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Manni Ahlawat.

A pandit (Sanskrit: पण्डित, translit. paṇḍita;[1] also spelled pundit, pronounced /ˈpʌndɪt, ˈpændɪt/;[2] abbreviated as Pt. or Pdt.; Panditain or Punditain can refer to a female pundit or the wife of a pundit) is a Brahmin scholar[3] or a teacher of any field of knowledge in Hinduism,[1] particularly the Vedic scriptures, dharma, Hindu philosophy, or secular subjects such as music.[4] He may be a Guru in a Gurukul.[citation needed] South India musicians and ayurveda vaidyas caste members are the origin of this Pandit or Pandith surname.

In Sanskrit, states Monier Williams, Pandit generally refers to any "wise, educated or learned man" with specialized knowledge.[5] The term is derived from paṇḍ (पण्ड्) which means "to collect, heap, pile up", and this root is used in the sense of knowledge.[6] The term is found in Vedic and post-Vedic texts, but without any sociological context. In the literature of the colonial era, the term generally refers to Brahmins specialized in Hindu law.[7]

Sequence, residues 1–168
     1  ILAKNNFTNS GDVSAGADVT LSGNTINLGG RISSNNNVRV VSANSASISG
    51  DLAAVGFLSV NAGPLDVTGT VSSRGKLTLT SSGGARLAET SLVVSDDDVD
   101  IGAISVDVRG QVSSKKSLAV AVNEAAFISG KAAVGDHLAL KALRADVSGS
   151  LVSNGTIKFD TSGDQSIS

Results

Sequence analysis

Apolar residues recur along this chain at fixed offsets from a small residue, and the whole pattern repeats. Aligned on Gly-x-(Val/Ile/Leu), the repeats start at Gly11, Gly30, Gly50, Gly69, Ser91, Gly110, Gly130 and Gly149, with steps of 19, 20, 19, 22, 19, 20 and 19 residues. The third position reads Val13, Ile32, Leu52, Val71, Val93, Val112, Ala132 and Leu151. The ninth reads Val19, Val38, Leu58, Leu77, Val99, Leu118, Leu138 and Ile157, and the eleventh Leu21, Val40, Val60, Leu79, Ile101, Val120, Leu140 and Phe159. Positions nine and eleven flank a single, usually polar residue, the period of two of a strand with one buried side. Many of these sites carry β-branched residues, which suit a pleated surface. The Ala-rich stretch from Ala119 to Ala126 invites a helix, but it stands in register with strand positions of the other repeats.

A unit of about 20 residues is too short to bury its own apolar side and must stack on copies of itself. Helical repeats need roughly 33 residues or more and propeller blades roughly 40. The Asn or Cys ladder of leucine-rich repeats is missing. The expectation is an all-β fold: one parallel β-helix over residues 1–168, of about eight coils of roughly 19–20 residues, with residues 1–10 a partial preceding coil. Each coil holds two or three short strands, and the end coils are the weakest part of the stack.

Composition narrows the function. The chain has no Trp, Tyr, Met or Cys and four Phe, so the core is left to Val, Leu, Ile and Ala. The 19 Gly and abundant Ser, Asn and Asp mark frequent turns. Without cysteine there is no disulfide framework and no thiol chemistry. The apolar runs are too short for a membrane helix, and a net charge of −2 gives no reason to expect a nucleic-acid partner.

The related term Purohit refers to a house priest.[4]

See also


  1. ^ a b Wikisource Chisholm, Hugh, ed. (1911). "Pundit". Encyclopædia Britannica. 22 (11th ed.). Cambridge University Press. p. 649. 
  2. ^ "pandit". Random House Webster's Unabridged Dictionary.
  3. ^ Lise McKean (1996). Divine Enterprise: Gurus and the Hindu Nationalist Movemen. University of Chicago Press. pp. 13–14. ISBN 978-0-226-56009-0. 
  4. ^ a b Axel Michaels; Barbara Harshav (2004). Hinduism: Past and Present. Princeton University Press. p. 190. ISBN 0-691-08952-3. 
  5. ^ Monier Monier-Williams (1872). A Sanskrit-English Dictionary. Oxford University Press. p. 527. 
  6. ^ Monier Monier-Williams (1872). A Sanskrit-English Dictionary. Oxford University Press. pp. 526–527. 
  7. ^ Timothy Lubin; Donald R. Davis Jr; Jayanth K. Krishnan (2010). Hinduism and Law: An Introduction. Cambridge University Press. p. 8. ISBN 978-1-139-49358-1. 
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